man asleep at laptop by Columbus website design firm Sevell

In order to position ourselves as experts in the Columbus website design industry, we write blogs, or articles, about issues relating to website design and SEO.

Writing blogs helps us understand topics we find of interest, and hope our audience does, in more detail. Because writing always involves research, it’s the best way for us to learn about topics and add to our own understanding and knowledge. 

We wondered about SEO and posting articles on LinkedIn. 

Whenever we write a 1000-word article on our website, like this one, we also post the article in its entirety on LinkedIn. In addition, we post a teaser sentence about the article with a link back to the original blog post (on our website) on Google+, Twitter and Facebook.

Since the SEO world understands Google doesn’t like duplicate content, we wondered, is posting our blogs word-for-word on LinkedIn benefiting, or hurting, our own website’s SEO. 

So we educated ourselves by reading articles on the topic, by those who have conducted their own research. And by those who are smarter than we are in SEO. We turned to those who specialize in SEO more than we do. 

As you probably know, there are companies that don’t build websites, but solely focus on SEO. Those were the opinions we sought out to determine if we were helping, or hurting ourselves, by posting the blogs from our website, word-for-word.

man looking at Apple tablet with LinkedIn homepageIs posting articles on LinkedIn every week helping or not?

Turns out it may not be as helpful as we thought. Not that posting on LinkedIn is bad, it just has to be done correctly. Turns out, for posting on LinkedIn, like everything SEO-related, there’s a right way, and wrong way to do it. And after some research, we think we may have been doing it the wrong way!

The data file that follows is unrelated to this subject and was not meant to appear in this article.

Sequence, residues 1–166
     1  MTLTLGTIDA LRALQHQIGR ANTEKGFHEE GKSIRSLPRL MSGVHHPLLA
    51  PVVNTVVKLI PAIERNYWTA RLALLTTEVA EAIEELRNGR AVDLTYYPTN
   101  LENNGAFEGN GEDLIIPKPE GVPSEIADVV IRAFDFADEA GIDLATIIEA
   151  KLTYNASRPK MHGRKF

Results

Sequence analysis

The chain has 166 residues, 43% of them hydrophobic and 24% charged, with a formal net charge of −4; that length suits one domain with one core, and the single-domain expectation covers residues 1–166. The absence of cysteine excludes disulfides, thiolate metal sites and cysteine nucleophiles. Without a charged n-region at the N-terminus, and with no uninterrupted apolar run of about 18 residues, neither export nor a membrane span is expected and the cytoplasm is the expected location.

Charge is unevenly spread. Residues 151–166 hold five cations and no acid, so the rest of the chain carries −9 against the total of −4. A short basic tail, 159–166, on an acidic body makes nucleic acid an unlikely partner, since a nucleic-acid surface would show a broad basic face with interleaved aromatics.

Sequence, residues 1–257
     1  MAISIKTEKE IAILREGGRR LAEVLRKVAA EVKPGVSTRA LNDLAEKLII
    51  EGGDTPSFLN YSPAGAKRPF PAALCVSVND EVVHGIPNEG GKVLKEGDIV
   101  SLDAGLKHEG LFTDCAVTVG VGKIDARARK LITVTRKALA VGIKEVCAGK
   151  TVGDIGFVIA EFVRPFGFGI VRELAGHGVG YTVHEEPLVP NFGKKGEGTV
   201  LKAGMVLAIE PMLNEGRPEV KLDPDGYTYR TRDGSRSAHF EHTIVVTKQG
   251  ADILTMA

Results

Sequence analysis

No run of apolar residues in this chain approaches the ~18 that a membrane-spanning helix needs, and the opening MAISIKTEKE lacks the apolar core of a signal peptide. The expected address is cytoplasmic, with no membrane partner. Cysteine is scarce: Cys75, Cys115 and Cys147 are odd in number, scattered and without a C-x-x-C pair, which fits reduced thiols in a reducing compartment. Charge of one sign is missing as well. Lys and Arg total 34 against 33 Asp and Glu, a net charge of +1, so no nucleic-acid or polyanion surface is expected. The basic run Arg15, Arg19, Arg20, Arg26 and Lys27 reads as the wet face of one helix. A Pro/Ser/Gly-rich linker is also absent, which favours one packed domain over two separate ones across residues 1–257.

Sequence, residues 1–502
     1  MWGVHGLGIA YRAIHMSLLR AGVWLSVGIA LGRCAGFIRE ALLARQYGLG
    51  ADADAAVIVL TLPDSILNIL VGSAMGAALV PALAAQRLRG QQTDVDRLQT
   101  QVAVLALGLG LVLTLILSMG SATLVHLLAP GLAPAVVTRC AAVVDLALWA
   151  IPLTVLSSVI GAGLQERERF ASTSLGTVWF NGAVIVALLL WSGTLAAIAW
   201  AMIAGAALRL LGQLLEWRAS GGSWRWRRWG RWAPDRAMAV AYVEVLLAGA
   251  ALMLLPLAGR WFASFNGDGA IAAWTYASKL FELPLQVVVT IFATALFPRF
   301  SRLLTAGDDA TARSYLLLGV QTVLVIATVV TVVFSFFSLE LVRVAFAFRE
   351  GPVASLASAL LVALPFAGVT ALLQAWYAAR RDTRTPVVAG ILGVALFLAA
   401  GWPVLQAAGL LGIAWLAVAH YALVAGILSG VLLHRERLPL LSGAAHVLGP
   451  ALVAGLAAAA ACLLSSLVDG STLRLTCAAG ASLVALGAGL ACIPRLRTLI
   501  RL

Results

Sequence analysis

What we learned to consider:

  1. Why does Google penalizes websites for duplicate content?

    To make things better for Google's own audience. Here’s what Google has to say about duplicate content.
    Back in the day, unscrupulous webmasters took advantage of Google’s algorithms by posting the same article on lots of websites, with links back to their original website. This was in an effort to get traffic back to their website. The problem with that is, Google didn’t want to return search results for either:
    a) two websites with the exact same information, and
    b) websites that were cheating the system by taking advantage of Google's algorithms
  2. LinkedIn has a higher “domain authority” than we do.

    Of course, LinkedIn has a higher “domain authority” ( than most websites. So why is this a consideration? Because more people might see your article on LinkedIn than on your website. Therefore, Google’s algorithms might assume the LinkedIn article is the original article, and not the article on your website.

    And if that’s the case, OUR website might be seen as having the duplicate content, and be penalized.

    What is our purpose for posting on LinkedIn? It’s a combination of reasons:
    a) to share our knowledge of websites and SEO
    b) to position ourselves a experts in an industry
    c) reach a new audience, and of course,
    d) get on businesses’ radar so when they’re looking for a web design firm, they think of us
    e) boost our own SEO